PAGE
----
Winter fishing for rockfish and lingcod is excellent when boats can get out. Launches should be possible early next week. In addition, ocean crabbing becomes legal once again starting December 1.
In last week’s newsletter, the closure of Tenmile, Tahkenitch and Siltcoos was stated incorrectly. All of the above lakes will open for wild coho fishing through December 31st, 2014. Thanks and a tip o’ the fishing hat to subscriber Bill S. for catching the gaff.
The first winter steelhead of the season may be caught on the Alsea as conditions improve in the coming week. Native steelhead will be available on the mainstem Umpqua when it drops and clears sufficiently following the storm front due to hit this coming weekend.
The Rogue is forecast to blow out this coming Saturday and Sunday. Even the upper river will experience a significant rise. Once it recovers, fishing will continue for the tail-end of the Chinook run and summer steelhead.
The Chetco should clear sufficiently to plunk early next week with backbouncers and plug-pullers getting in on the action around mid-week. Fishing has been decent as Chinook commonly run big at this time of year as the run is winding down.
The late Chinook run on the Elk and Sixes has rewarded anglers with nice fish following every recent freshet as the rivers rapidly drop and clear.
Driving past one of the coastal estuaries a few days ago when wind and rain was ferocious and waves were crashing on the east shore rip-rap, it was surprising, amusing and a little scary to see a kayak on the water. Particularly as this tiny boat’s skipper was balancing a full-sized, commercial-style crab pot. Perhaps foolish, but one had to admire his adventurous spirit. For more crazy kayak hi-jinx on video, see Random Links, below.
When those rare windows have opened to allow boats to safely cross to the ocean where they may fish any depth of water without restriction, few are bothering to do so. Nearshore catches of lingcod and rockfish are too good to bother exploring greater depths.
There’s not much hope for offshore launches this weekend, but the prediction from the NOAA for Monday through Wednesday of the coming week look downright friendly with three-foot swells at 11 seconds or better, and light winds. Go get ’em.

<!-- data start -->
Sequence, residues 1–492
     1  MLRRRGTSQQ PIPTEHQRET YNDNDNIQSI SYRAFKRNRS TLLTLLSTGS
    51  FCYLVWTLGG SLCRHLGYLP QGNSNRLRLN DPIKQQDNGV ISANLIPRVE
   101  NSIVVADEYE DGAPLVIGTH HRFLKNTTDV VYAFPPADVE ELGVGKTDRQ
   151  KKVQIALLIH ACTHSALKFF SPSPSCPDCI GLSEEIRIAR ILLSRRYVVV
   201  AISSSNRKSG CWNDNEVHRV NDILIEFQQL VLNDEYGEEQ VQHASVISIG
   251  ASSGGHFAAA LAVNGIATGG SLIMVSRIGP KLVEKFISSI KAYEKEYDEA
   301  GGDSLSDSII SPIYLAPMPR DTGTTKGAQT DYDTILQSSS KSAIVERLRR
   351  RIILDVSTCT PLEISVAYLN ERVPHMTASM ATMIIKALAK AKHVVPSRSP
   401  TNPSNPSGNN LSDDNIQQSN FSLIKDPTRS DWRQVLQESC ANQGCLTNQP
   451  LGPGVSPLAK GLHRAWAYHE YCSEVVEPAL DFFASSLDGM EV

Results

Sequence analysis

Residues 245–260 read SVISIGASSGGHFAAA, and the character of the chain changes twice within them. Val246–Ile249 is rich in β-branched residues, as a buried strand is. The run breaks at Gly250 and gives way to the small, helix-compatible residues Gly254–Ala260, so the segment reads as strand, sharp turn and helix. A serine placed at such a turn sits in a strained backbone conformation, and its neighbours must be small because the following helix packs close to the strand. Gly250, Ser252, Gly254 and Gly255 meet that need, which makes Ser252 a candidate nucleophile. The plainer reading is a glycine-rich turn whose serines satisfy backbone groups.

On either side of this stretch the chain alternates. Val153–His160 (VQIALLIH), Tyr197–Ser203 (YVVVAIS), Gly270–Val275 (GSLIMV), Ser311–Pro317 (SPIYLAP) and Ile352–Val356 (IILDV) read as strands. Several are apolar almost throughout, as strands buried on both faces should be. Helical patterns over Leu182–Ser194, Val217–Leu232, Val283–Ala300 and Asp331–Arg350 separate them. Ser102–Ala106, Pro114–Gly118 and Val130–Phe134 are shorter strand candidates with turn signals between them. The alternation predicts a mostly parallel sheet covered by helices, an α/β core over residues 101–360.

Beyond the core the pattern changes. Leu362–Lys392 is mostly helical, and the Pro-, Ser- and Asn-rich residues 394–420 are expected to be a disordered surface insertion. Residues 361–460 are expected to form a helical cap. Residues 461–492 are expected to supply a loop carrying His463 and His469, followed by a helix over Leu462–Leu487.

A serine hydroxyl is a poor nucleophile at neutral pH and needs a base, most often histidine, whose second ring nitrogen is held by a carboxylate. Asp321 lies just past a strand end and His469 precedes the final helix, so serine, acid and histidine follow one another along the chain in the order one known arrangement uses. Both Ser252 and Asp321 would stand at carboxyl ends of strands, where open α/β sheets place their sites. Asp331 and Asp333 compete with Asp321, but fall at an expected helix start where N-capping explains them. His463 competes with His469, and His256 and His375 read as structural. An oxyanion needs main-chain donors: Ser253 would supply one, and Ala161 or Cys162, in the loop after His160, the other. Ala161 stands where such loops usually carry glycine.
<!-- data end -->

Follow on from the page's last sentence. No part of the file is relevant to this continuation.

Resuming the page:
Closed since the end of August (yeah, all those Dungeness you’ve been buying from Mega-Mart seafood cases had been frozen since then), commercial and sport crabbers may once again drop pots in the ocean starting Friday, November 28th. Bay crabbing has been good enough the past several weeks that recreational crabbers haven’t missed ocean crabbing.
Correction: In last week’s newsletter, the closure of Tenmile, Tahkenitch and Siltcoos was stated incorrectly. All of the above lakes will open for wild coho fishing through December 31st, 2014. Thanks and a tip o’ the fishing hat to subscriber Bill S. for catching the gaff.
Conditions are predicted to be good on the Alsea in the first week of December following the freshet this weekend. It’s a bit of a long shot for an early fish but winter steelhead will be entering the Alsea sometime in December for sure. It opens above River Edge landing on December 1st.
The graph record of the changes in Umpqua mainstem water flow looks like a roller coaster too wild to ride. Hang on, ’cause it’s headed uphill this weekend toward a major blowout. All is not lost however. As it drops, it’ll offer some decent catch-and-release action for wild steelhead.
The jetty has been producing good catches of rockfish at Coos Bay while the bay continues to produce limits or near limits to crabbers. Effort will be low during stormy periods but Dungeness results are expected to remain good when the weather improves. The wild coho season ends on the Coos River Sunday, November 30th.
With the exception of the last of the Indian Creek fish, Rogue Bay is done for Chinook fishing. The Rogue took a hit from rainfall over the past weekend, rising a couple of feet from Grants Pass to Agness and flow on the upper Rogue increased significantly for the first time this season. The scenario looks remarkably similar for the weekend to come. A few Chinook have been caught on the lower Rogue with catches fair to good around Grants Pass for anglers using bait. The larger changes in depth and flow coming this weekend on the middle and lower river will stall fishing efforts. Despite lots of leaves in the water, the upper Rogue has been producing steelhead on plugs and egg imitations below Shady Cove boat ramp where bait is disallowed. Above that point, roe has been effective. While the upper Rogue is likely to double in volume Saturday and Sunday, it will be dropping rapidly in the first of next week.
While the Chetco River will dropping through Friday this week, it is forecast to rise over the coming weekend and stay in the 4,800 range for a few days. While that’s a level at which anglers switch to plunking, the prediction of a rapid rise means it’ll be muddy for a while as well. It should clear sufficiently to plunk early next week with backbouncers and plug-pullers getting in on the action around mid-week. Fishing has been decent as Chinook commonly run big at this time of year as the run is winding down. Bear in mind, however that only one wild Chinook per day can be kept and no more than five for the year.
Incidentally, the Chinook salmon run on the Chetco has been so good this year that the ODFW easily exceeded the required number of fish spawned for broodstock which means one more reason for optimism in runs to come.
Smaller rivers such as the Elk and Sixes are volatile, blowing out one day and if the rain stops, dropping and clearing the next. As these two have been on the drop, they have also been producing good numbers of large Chinook. For the latest river conditions, call the hatchery hotline: 541-332-7025. It’s updated daily in season at 8 AM.
A number of anglers have reported that fishing is good for large trout at Garrison Lake near Port Orford.